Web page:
I'm not a huge fan of Weinberger's book, and the bit that Rothman quotes epitomizes much of what I find wrong with it, but the analogy that he makes to the relationship of journals and articles is fairly sound (although whether the articles in a given journal issue are "mostly-unrelated" or not depends on how you think about relationships). We still use the volume/issue convention because we're comfortable with it, and we haven't really figured out an adequate replacement yet. But if we were inventing scholarly publishing fresh, it's probably not the way we'd organize things.
When I spoke to Elsevier's senior managers two years ago, one of the points that I tried to make was that not only is "the journal" as a collection of articles quickly becoming an anachronism, the journal article itself is becoming less important as the primary unit of information. And I argued that as things continue to evolve, the journal article itself will essentially disappear as it morphs into something much more interactive and dynamic.
It's not surprising that this view caused some consternation among some in that particular crowd (one of the other speakers -- a journal editor -- challenged it directly saying that the journal article would definitely be the primary mechanism for sharing scholarly information for a very long time to come), but it was clear that my views were shared by many in the room.
When I met with the some of the folks at the Proceedings of the National Academy of Sciences (as part of their library advisory panel) a few months ago, we had a great discussion about how their view of their content is shifting. Like many publishers, they consider the electronic version, not the print version, to be the "publication of record", and, as is the case with many other publishers, they are shifting their publication processes so that articles can be made available as soon as the editorial work has been done. They are also starting to experiment with incorporating multimedia into the article content. The more that this happens, the more it will be impossible for the print version to adequately reflect the content of the version of record. They're not quite sure how they'll handle this, but they are very clearly excited about the possibilities.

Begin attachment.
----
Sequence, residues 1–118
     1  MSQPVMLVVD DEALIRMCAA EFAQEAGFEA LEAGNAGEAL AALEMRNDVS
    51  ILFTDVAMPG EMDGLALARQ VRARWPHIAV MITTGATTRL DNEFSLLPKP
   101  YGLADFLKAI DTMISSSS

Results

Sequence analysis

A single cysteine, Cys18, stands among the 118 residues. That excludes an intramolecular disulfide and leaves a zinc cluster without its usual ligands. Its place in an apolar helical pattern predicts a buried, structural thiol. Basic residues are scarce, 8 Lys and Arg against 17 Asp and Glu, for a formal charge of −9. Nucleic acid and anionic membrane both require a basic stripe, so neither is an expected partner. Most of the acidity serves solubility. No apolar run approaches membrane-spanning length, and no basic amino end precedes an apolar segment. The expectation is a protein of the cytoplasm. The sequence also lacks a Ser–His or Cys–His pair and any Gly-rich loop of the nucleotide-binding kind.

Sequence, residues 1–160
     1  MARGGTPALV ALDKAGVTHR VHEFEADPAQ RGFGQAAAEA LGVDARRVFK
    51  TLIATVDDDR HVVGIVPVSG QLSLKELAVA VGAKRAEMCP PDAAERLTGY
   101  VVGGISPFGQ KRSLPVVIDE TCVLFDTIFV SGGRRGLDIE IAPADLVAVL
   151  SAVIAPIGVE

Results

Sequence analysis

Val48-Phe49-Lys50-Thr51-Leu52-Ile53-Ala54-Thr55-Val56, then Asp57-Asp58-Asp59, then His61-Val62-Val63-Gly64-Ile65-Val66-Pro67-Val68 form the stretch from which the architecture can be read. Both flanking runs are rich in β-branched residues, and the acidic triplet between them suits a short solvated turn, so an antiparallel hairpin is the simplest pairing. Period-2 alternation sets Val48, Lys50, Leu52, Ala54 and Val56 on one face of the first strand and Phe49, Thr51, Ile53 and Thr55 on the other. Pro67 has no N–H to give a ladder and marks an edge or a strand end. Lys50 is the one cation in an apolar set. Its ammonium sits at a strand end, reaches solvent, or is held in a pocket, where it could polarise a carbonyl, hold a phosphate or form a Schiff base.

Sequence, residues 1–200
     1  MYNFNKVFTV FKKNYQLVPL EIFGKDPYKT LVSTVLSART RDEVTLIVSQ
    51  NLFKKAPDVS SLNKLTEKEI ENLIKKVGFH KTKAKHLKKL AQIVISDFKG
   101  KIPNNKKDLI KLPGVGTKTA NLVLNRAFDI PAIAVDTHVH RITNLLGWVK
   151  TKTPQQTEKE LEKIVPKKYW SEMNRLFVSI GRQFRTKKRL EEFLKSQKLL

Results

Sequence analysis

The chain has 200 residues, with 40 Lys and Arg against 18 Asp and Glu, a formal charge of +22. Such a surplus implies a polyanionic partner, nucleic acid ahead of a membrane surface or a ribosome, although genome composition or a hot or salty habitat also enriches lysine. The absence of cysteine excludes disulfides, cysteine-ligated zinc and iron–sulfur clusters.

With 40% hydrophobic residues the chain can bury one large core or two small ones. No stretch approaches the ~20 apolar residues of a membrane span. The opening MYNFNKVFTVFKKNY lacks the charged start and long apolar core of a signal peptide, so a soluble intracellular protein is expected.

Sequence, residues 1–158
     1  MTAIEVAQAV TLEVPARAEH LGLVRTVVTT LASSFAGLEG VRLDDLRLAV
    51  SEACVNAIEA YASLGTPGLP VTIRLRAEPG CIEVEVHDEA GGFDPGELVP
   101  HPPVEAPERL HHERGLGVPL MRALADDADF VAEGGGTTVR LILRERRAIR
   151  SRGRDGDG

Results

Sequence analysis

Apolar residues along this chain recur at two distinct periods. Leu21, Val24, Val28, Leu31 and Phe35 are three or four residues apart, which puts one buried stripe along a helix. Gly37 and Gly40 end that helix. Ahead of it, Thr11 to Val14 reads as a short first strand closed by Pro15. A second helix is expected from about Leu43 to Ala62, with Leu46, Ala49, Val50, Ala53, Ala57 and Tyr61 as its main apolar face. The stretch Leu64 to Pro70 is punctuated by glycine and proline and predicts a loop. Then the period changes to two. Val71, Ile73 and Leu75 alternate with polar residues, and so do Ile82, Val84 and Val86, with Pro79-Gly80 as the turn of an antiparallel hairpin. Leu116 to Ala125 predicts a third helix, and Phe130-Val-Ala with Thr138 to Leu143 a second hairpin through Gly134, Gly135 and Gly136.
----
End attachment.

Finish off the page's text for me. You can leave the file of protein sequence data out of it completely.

At my first meeting of the New England Journal of Medicine advisory board (January 2003), the point was made that they viewed their job as bringing research results to clinicians, not "publishing a journal". For 150 years (give or take), publishing a journal was the best way to do that, but they know that they need to transform what they're doing if they are going to adequately fulfill their mission in the digital age.
In October of 2006, I did a presentation for the annual meeting of the International STM Association in Frankfurt. As I commented here at the time, my talk was well received and the people that I spoke with clearly welcomed the participation of librarians in reimagining the future of scholarly publishing. But it was also abundantly clear that they weren't going to wait for us to show up.
I mention all of these dates because I've been very concerned for a long time that librarians have been late in getting to the table. The contentiousness of the open access debates has been a terrible distraction and has highlighted how little librarians actually know about the publishing process. So I was very excited, and am feeling more optimistic than I have in quite some time, by the energy in the room at the meeting of the AAHSL/publisher liaison taskforce in Chicago last Thursday. There is much planning and follow-up yet to do, but I think we've planted the seed for a truly collaborative effort among librarians and publishers (and editors and authors) to participate in reshaping the scholarly communication enterprise into something that takes full advantage of digital media and serves the needs of scholars and scientists and students far better than the current systems have been able to.
I've argued for years that we cannot create the kind of future that we want in isolation. It's not up to librarians and it's not up to publishers and it's not up to editors or authors. It will require all of us, listening to and learning from each other with patience and goodwill. The meeting in Chicago was a tremendous step in the right direction.